Quoted from C_sharp
Quoted from gulfcoastguyCan you use millet? Millet flour, especially if coarsely ground makes a good substitute for cornmeal. How you would fry or bake it I don't know. Nor do I know how to make it taste like nachos for an A. But it is the best approach I can think of.
Quoted from C_sharpMillet chips:
Quinoa tortilla batter that can be fried into chips.
I know this isn't grain-based, Seraffa, but have you ever tried "Zesty Nacho Kale Chips" by Rhythm Superfoods? I'm typically very leery of snacks like this, but these (and their "Kool Ranch") are quite tasty. Talk about crispy/crunchy! Also, because they're dehydrated at a very low temperature, they're considered a raw food. Occasionally I'll have some of these with a bottle of carbonated water kefir as my 'soda and chips' equivalent.
Here's hoping your tomorrow is much better. (pray)
By the way, if you're interested, I've found Amazon has the best price for them:
Quoted from 19000
almond/rice milk instead of coconut milk -
Quoted from SeraffaI have not been able to find a compliant almond milk with no gums in it! Has anyone else ....
If you do, though, you probably want to buy your almonds directly from the grower so that you can obtain honestly raw almonds. Not only is it healthier, but it's also much cheaper to make your own almond milk.
Quoted from grey rabbitdo you have a link to a good source for almonds directly from the grower?
Quoted from Seraffa
I have not been able to find a compliant almond milk with no gums in it! Has anyone else :o situation is terrible with most companies that make it.
Quoted from Brighid45I make my own 'corn' tortillas from a 1:1 mix of quinoa and millet flour, with just a bit of sweet white rice flour to help everything hold together. The tortillas can be dry-fried in a skillet or baked too, and take to all kinds of flavorings really well. They make great tortilla wedges too, just cut like a pie and bake or dry-fry and serve with your dip or salsa of choice. Delicious with black bean refritos or hummus :)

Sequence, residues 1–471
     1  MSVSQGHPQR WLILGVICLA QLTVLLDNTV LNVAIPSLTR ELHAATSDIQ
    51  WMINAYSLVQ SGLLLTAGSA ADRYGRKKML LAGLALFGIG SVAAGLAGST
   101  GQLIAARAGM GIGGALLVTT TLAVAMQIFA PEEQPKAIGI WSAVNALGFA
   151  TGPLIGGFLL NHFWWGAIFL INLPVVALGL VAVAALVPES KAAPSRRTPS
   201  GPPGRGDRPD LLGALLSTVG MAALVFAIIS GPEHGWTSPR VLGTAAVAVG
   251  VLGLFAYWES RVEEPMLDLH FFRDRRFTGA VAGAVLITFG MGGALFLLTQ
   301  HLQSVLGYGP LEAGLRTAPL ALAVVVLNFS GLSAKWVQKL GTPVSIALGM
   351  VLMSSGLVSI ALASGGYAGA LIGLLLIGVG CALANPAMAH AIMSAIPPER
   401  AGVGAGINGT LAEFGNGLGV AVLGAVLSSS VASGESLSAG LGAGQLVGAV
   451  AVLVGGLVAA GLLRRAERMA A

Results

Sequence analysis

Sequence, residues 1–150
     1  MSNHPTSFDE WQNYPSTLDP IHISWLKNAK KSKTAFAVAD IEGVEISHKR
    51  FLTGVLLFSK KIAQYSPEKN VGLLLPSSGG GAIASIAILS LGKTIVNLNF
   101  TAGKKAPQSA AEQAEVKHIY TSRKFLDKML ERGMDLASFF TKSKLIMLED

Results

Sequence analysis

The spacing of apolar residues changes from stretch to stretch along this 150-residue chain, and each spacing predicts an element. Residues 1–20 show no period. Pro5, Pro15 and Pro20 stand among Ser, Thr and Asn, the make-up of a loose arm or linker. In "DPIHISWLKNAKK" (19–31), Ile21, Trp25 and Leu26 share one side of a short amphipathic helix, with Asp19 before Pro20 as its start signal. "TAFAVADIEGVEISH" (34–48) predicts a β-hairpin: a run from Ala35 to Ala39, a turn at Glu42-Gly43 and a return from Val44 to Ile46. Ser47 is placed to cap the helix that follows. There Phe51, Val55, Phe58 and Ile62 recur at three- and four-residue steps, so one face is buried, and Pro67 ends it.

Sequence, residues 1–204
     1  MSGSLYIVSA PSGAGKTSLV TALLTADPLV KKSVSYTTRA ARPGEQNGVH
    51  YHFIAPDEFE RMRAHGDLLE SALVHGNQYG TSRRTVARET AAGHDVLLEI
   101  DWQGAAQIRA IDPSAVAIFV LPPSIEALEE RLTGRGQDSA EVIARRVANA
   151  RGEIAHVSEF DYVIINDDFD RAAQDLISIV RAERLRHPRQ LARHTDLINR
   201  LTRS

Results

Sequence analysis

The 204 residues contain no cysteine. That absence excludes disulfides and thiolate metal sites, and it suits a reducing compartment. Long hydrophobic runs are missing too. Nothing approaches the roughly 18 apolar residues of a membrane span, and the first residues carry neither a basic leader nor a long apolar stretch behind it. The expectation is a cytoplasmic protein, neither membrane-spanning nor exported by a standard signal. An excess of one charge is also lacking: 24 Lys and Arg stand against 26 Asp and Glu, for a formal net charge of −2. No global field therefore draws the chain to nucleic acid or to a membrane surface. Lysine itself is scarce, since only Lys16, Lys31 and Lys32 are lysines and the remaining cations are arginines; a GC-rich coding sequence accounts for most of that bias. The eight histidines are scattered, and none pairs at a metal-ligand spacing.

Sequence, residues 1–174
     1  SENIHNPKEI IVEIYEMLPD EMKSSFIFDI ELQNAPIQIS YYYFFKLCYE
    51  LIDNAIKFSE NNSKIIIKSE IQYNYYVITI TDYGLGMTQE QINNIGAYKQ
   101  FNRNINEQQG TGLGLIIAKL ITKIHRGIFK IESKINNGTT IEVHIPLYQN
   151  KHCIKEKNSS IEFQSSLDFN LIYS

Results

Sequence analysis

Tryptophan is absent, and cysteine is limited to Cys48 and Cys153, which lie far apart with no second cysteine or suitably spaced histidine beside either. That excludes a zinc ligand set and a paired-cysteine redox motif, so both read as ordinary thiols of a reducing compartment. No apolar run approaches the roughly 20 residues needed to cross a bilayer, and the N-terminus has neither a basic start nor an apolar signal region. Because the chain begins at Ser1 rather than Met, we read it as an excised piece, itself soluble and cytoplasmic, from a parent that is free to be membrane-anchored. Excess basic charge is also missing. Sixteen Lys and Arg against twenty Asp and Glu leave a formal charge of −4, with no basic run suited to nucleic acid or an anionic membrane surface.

Seraffa, in addition to the additives you mentioned, the resultant liquid is pasteurized in the same manner that dairy milk is. So, the almonds are not only not raw to start with, they're then turned into a liquid which is ultimately heat-treated again. It's really easy to make your own almond milk. If you do, though, you probably want to buy your almonds directly from the grower so that you can obtain honestly raw almonds. Not only is it healthier, but it's also much cheaper to make your own almond milk.
The way I make it is to soak one cup of almonds in warm salt water for 24 hours (use enough salt water that it approximately covers twice the amount of almonds). Drain and rinse almonds and place in blender with four cups of your desired still water. (At this point, I also add four to six organic dates--dependant upon size--and the scraped-out contents of one organic vanilla bean ... but these ingredients are completely optional.)
Start blender on lower speed and gradually increase speed to highest setting, and blend for at least 60-90 seconds. If you can't hear any unpulverized almonds rattling around in the blender jar, turn off and strain almond milk through a nut bag or cheesecloth into glass container. Refrigerate immediately (unless you're going to make almond milk kefir).